This research was supported by NIDA grants DA023089, DA012138, DA033956, and DA009679.
- Text Description of Figure 1
The figure shows four curves illustrating parental marijuana use patterns throughout their adolescence and early adulthood. The horizontal x-axis shows the parents’ age on a scale from 14 years to 30 years. The vertical y-axis represents the level of marijuana use from no use, through infrequent use, to frequent use. A green line with triangles that runs parallel to the x-axis represents nonusers who reported no marijuana use at all timepoints assessed. A purple line with circles represents parents with adolescent-limited marijuana use. These parents had low levels of use beginning around age 14, which increased to almost infrequent use by age 18 and then declined again to reach no use by age 24. A blue line with diamonds indicates parents with a chronic marijuana pattern. Marijuana use begins at low levels at age 14, increases steadily to reach a peak about midway between infrequent and frequent use by age 24, and then declines again to infrequent use by age 30. A red line with squares represents parents with a late-onset use pattern. These parents begin to show low levels of marijuana use by age 18, which increases to halfway between no use and infrequent use by age 24, before declining again to almost no use by age 30.
- Text Description of Figure 2
The two graphs show the probability of marijuana use (top) and alcohol use (bottom) of children of parents with different marijuana use patterns throughout their adolescence and young adulthood. Blue curves with diamonds represent children of chronic marijuana users, red curves with squares represent children of late-onset users, green curves with triangles represent children of nonusers, and purple curves with circles represent children of adolescent-limited users.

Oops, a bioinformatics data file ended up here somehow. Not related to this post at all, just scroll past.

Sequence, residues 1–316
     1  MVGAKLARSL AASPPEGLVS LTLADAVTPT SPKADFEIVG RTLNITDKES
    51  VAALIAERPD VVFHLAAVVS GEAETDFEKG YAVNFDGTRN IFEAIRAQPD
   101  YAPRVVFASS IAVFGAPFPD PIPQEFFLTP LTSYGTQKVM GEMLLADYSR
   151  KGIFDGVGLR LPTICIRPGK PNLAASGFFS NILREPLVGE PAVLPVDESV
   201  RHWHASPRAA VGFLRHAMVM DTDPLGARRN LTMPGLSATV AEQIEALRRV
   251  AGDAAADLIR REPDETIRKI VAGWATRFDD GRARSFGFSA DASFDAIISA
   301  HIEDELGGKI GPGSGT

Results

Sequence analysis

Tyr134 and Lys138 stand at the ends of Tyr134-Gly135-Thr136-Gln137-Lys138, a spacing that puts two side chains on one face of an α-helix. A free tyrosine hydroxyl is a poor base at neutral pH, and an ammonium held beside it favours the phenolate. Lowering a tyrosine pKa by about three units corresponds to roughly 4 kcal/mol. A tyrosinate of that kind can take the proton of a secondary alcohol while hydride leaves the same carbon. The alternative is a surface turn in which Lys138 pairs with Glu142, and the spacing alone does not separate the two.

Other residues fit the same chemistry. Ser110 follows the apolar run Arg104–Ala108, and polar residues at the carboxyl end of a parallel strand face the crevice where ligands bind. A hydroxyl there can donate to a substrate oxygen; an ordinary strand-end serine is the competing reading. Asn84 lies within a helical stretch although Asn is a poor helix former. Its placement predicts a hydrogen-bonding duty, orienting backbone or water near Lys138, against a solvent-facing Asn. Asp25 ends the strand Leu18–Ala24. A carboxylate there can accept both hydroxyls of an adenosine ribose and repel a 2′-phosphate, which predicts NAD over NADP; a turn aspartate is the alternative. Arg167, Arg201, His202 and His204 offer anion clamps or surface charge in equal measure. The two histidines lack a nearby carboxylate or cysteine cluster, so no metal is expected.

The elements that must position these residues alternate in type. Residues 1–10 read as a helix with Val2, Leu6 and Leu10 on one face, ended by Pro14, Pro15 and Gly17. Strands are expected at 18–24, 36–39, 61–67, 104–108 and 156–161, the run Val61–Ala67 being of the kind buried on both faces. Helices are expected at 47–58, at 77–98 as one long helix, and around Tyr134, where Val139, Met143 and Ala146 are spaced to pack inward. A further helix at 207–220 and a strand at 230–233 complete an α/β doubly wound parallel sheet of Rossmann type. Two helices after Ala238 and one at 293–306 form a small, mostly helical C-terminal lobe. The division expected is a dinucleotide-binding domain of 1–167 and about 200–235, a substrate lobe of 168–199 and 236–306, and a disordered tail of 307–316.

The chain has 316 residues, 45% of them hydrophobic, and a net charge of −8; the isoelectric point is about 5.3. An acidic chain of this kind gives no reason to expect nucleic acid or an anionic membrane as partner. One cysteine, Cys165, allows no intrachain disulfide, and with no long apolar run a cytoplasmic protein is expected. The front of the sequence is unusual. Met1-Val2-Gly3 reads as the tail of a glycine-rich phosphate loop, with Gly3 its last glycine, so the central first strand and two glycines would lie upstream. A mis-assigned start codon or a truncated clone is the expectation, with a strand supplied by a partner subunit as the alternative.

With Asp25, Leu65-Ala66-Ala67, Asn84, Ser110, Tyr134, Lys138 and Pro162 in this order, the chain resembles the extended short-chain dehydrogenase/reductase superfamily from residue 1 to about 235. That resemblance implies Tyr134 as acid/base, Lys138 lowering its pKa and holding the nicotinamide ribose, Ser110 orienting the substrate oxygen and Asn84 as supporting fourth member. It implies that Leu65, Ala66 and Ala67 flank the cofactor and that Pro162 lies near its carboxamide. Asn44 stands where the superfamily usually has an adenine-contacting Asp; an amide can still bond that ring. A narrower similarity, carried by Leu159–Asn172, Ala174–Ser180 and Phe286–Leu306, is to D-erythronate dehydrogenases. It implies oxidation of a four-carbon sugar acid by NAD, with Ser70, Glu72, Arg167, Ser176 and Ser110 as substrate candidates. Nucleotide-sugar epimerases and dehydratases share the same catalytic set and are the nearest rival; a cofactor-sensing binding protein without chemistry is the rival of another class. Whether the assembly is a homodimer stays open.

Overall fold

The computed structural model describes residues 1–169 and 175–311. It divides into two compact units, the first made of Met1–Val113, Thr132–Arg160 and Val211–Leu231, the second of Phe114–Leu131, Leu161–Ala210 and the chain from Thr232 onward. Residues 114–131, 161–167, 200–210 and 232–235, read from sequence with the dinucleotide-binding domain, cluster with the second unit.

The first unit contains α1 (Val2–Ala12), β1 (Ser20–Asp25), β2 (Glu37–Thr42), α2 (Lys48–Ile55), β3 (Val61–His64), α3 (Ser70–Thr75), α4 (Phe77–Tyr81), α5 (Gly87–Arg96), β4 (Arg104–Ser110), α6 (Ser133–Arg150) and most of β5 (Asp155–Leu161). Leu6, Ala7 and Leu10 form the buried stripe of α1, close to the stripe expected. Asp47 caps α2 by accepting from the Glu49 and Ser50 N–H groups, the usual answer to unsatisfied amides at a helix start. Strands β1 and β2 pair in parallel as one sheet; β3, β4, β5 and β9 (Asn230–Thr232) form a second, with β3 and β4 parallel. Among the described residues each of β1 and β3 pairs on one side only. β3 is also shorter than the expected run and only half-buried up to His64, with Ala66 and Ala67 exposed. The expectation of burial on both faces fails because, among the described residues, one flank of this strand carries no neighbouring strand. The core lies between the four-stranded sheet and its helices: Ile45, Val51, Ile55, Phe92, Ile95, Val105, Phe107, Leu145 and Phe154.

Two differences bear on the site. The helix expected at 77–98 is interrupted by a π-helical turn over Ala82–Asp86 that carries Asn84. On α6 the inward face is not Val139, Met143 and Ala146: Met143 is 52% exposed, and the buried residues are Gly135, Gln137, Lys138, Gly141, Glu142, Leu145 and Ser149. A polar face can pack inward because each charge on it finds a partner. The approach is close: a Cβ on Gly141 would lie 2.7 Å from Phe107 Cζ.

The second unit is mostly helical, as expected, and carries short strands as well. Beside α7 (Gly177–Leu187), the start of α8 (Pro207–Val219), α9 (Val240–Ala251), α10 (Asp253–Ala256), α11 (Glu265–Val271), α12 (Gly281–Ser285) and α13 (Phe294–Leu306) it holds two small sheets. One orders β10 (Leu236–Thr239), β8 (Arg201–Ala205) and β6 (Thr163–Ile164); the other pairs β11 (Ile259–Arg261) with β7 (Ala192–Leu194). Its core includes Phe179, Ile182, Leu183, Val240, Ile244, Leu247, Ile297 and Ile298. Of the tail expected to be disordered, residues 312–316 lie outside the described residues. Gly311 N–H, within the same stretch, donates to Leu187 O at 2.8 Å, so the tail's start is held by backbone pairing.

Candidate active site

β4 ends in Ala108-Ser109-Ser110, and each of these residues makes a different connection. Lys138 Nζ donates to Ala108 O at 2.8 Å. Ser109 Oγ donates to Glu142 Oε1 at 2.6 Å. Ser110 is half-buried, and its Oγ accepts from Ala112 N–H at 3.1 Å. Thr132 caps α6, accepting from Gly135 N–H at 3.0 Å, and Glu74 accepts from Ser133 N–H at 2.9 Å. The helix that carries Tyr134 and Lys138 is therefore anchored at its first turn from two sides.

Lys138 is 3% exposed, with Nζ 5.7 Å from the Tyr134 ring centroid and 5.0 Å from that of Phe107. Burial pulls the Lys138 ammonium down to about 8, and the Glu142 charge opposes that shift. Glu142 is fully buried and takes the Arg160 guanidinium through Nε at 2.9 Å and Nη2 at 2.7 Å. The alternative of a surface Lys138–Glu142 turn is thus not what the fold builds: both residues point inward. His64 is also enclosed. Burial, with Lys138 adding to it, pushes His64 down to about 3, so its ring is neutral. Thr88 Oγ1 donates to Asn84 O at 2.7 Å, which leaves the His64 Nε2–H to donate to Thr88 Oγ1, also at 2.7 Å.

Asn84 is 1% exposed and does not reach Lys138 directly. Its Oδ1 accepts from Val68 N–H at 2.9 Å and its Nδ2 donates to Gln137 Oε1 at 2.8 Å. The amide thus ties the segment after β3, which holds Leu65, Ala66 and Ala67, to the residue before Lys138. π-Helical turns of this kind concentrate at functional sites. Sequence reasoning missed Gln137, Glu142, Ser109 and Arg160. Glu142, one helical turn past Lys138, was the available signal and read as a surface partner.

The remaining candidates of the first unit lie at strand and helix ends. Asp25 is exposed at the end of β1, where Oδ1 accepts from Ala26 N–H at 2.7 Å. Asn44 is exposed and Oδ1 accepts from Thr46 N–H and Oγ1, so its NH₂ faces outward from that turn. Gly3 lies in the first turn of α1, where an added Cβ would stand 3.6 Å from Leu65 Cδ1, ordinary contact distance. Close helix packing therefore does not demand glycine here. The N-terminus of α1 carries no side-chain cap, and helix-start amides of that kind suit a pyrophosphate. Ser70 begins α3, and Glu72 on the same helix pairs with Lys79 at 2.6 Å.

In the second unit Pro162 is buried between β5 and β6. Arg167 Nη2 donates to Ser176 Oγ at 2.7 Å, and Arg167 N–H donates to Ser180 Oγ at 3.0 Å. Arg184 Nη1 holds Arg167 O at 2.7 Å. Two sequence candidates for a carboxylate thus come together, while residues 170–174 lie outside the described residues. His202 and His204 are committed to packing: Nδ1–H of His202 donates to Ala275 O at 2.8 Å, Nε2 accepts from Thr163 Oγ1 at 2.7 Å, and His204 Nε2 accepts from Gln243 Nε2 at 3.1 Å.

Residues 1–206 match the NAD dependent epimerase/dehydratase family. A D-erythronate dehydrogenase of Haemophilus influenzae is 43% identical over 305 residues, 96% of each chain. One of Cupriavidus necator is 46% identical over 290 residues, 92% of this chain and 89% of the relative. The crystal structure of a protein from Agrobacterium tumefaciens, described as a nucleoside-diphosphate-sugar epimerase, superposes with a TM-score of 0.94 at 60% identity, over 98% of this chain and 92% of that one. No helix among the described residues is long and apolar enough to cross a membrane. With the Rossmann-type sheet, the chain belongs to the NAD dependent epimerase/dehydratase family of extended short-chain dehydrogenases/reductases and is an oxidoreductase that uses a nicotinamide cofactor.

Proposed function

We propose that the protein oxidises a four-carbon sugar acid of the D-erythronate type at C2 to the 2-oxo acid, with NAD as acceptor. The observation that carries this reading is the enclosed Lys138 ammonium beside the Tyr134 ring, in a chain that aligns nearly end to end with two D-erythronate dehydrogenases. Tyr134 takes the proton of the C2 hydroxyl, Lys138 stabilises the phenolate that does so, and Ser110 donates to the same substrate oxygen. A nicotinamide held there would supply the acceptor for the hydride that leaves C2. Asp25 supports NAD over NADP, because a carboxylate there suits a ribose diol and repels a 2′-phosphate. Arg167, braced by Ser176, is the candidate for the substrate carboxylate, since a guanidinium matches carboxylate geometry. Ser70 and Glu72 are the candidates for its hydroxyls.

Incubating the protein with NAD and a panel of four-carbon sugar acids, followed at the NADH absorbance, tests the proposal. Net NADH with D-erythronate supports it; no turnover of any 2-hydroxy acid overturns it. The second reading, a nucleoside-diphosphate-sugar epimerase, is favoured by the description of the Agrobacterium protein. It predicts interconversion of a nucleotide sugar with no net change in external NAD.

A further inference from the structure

(Top) The horizontal x-axis shows the children’s age on a scale from 10 years to 21 years and the vertical y-axis shows the probability of marijuana use on a scale of 0 to 1.0. For children of nonusers (green curve) and late-onset users (red curve), the probability of marijuana use was about 0 at ages 10 to 14, about 0.1 at age 16, about 0.2 at age 18, about 0.3 at age 20, and about 0.25 at age 21. For children of adolescent-limited marijuana users (purple curve), the probability of marijuana use was 0 at ages 10 to 12, about 0.05 at age 14, about 0.2 at age 16, about 0.4 at age 18, about 0.5 at age 20, and about 0.4 at age 21. For children of chronic marijuana users (blue curve), the probability of marijuana use was about 0 at ages 10 to 12, about 0.1 at age 14, about 0.3 at age 16, about 0.55 at age 18, about 0.65 at age 20, and about 0.6 at age 21.
(Bottom) The horizontal x-axis shows the children’s age on a scale from 6 years to 21 years and the vertical y-axis shows the probability of alcohol use on a scale of 0 to 1.0. For children of nonusers (green curve), the probability of alcohol use was 0 at ages 6 to 14, about 0.15 at age 16, about 0.25 at age 17, about 0.3 at age 18, about 0.4 at age 20, and about 0.45 at age 21. For children of and late-onset users (red curve) and adolescent-limited marijuana users (purple curve), the probability of alcohol use was 0 at ages 6 to 12, about 0.1 at age 14, about 0.2 at age 16, about 0.45 at age 18, about 0.6 at age 20, and about 0.6 for children of late-onset users and 0.65 for children of adolescent-limited users at age 21. For children of chronic marijuana users (blue curve), the probability of alcohol use was about 0 at ages 6 to 12, about 0.1 at age 14, about 0.3 at age 16, about 0.55 at age 18, about 0.7 at age 20, and about 0.75 at age 21.
- Epstein, M., Bailey, J.A., Furlong, M., et al. An intergenerational investigation of the associations between parental marijuana use trajectories and child functioning. Psychol Addict Behav 2019 Sept 9 [Online ahead of print]